Tunis trip: the day after. On Sunday, as she had promised, Italian Prime Minister Giorgia Meloni returned to the Tunisian capital flanked by European Commission President Ursula von der Leyen and Dutch PM Mark Rutte. The trio met with President Kais Saied and promised upwards of €1 billion in financial aid in exchange for harsher border control measures – “as soon as the necessary agreement is found,” as the EU leader said.
- Their trip happened shortly after the EU ministers’ historic agreement on a new migration deal, which takes into account Italy’s request to aid first-entry countries and reach out to boost stability and development in countries of origin (including through financial aid).
The deliverables: in a joint press conference, President von der Leyen announced that the EU and Tunis would work together on a “comprehensive five-pillar package” which includes “increased trade and investment” as well as “mutually-beneficial energy cooperation.”
- Brussels is mulling up to €900 million in macro-financial assistance, she said, and could deliver up to €150 million in budget support “right now.”
- An additional €100 million is available for border management, search and rescue, anti-smuggling measures and parallel initiatives.
Mixed results… The bulk of the EU money is conditional on structural reforms to make Tunisia’s economy more resilient, in line with the International Monetary Fund requirements to unlock a nearly €2 billion loan. However, President Saied is weary of popular backlash if he removes the government subsidies aiding the crisis-ridden Tunisians – and is still resisting what he calls “diktats”.
- Despite agreeing to work on cooperation, he’s also not enthusiastic about the migration side of things. Shortly before meeting with the EU leaders, speaking from the port city of Sfax – a major pole for departing migrants – he also promised not to turn Tunisia into a border guard for other countries, essentially rejecting the spirit of the EU’s initial offer.
… and ongoing pressure. The Meloni government has been mediating between Western allies and Tunisia and pushing the formers to adopt a more pragmatic stance on releasing the funds, arguing that letting the country slide into a worsening crisis for the sake of excessive red tape would ultimately be counterproductive for all.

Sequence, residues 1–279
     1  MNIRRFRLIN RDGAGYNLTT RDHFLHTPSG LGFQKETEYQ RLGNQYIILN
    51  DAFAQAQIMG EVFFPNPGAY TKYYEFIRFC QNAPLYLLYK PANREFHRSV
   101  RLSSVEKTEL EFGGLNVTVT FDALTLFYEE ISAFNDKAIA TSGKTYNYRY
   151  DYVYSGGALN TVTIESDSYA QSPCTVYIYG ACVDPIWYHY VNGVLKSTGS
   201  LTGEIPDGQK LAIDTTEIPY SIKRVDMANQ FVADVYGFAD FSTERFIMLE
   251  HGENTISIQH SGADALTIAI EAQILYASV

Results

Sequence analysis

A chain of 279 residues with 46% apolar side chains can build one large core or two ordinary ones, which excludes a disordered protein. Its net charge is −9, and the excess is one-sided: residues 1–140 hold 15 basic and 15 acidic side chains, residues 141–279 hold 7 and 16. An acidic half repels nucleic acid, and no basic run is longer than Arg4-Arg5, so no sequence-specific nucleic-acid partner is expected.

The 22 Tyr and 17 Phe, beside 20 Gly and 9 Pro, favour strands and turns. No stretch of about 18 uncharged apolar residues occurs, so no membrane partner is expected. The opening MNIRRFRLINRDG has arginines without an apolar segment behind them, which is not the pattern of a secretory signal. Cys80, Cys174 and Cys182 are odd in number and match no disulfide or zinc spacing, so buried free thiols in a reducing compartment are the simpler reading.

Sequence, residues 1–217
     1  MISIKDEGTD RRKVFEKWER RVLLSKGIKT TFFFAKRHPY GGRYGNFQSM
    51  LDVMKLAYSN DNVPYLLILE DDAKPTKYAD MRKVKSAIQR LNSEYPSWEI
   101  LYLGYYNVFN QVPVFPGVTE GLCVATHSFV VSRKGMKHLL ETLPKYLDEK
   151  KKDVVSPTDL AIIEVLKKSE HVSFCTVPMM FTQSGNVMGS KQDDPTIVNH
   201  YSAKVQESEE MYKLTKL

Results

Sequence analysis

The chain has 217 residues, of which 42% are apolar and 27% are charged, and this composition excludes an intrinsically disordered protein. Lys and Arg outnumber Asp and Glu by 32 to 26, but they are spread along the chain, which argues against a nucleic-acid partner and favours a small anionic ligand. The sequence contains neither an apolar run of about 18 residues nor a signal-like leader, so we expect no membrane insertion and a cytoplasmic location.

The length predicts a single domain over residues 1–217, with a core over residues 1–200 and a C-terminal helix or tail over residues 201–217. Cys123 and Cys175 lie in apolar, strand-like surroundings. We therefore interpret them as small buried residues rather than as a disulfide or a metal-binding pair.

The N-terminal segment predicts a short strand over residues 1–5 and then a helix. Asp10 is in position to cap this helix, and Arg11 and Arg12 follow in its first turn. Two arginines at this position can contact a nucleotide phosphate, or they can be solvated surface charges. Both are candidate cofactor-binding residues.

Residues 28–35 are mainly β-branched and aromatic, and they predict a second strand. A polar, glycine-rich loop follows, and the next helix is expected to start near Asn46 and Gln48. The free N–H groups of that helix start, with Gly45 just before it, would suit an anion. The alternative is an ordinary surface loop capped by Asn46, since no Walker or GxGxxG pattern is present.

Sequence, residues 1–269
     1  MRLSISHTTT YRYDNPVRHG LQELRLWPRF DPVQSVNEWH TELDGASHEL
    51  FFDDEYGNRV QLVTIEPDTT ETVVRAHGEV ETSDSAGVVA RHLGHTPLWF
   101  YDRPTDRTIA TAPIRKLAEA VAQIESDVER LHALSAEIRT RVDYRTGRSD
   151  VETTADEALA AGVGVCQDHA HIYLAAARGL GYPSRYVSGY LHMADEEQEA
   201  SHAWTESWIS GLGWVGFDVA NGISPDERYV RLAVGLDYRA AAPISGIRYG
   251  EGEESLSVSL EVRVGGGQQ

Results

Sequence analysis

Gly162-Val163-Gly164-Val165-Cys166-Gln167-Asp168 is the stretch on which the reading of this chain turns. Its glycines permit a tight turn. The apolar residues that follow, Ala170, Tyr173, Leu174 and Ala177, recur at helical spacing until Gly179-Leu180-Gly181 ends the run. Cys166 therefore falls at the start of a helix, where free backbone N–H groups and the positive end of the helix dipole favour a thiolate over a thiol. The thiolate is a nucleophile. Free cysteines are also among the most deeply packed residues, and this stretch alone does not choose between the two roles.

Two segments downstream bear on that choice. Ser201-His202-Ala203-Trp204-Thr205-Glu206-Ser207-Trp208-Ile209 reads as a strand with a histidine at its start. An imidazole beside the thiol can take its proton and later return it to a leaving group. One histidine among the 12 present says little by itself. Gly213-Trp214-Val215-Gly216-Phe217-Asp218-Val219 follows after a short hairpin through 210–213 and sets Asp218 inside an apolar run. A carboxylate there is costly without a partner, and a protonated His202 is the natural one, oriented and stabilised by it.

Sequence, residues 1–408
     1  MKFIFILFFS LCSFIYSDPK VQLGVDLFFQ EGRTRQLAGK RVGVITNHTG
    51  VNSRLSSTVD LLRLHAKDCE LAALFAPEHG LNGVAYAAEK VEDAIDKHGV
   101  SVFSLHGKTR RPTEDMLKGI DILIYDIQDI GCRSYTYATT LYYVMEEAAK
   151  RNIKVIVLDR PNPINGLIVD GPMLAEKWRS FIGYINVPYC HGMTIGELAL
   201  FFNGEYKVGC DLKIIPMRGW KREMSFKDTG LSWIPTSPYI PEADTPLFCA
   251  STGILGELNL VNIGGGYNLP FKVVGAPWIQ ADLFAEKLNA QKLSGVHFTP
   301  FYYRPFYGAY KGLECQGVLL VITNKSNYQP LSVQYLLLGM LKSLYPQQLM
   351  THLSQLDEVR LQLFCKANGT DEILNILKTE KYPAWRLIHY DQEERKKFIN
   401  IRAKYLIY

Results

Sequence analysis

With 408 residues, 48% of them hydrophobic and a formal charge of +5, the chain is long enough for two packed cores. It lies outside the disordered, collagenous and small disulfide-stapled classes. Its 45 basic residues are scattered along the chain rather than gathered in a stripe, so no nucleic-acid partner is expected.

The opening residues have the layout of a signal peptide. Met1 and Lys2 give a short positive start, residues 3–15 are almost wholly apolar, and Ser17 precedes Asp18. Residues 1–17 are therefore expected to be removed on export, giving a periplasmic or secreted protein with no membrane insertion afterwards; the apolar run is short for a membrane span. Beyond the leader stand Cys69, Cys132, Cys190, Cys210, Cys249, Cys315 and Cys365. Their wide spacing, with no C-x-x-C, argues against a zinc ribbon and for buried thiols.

- Rome believes it would be better to consider a hybrid solution: immediately releasing part of the funds and keeping the rest tied to reforms to stave off the worst effects of Tunisia’s economic crisis.
- Rating agencies keep downgrading the country’s profile as the risk it defaults on its own debt intensifies.
Working with the US. During his trip to the United States, Foreign Minister Antonio Tajani raised the issue with State Secretary Antony Blinken, later noting that the two had “agreed on actions […] to achieve peace and stability in the Mediterranean region,” including Tunisia, which is a “priority” for Italy, as he explained to his counterpart.
- “We very much share Italy’s concerns [and] appreciate the work” that PM Meloni and the other European leaders did in visiting Tunis, remarked Secretary Blinken. “It’s clear [the country] needs assistance if it wants to avoid falling down the proverbial economic cliff,” he argued, noting that Tunisia still requires something “comprehensive, that in our judgement the IMF can best provide,” to get the country on a sustainable and positive path.
- Though highlighting that Washington would welcome the Tunisian government presenting a revised plan to the IMF, and the importance of stabilising the region, Secretary Blinken stressed that all decisions are only Tunisia’s to make.
- FM Tajani was also supposed to touch upon the issue with IMF Managing Director Kristalina Georgieva, to reiterate the urgency of reaching an agreement and highlight Italy’s hybrid solution. However, in light of the passing of Silvio Berlusconi, FM Tajani (who’s coordinator of the late leader’s party) anticipated his return to Italy and wast’t able to meet with Ms Georgieva.
Think strategically. As Defence Minister Guido Crosetto told Il Messaggero on Monday, multiple paths must be kept open to prevent Tunis from defaulting on its own debt. The reasons are more systemic than just the economic crisis, as he argued. From a European standpoint, it’s not only about an uptick in migrant numbers: it’s about the future of the African continent and its rapid demographic growth.
- Inaction is tantamount to leaving Africa under the influence of Russia and China, which “want to exploit it just as European colonialists did a century ago,” he stressed.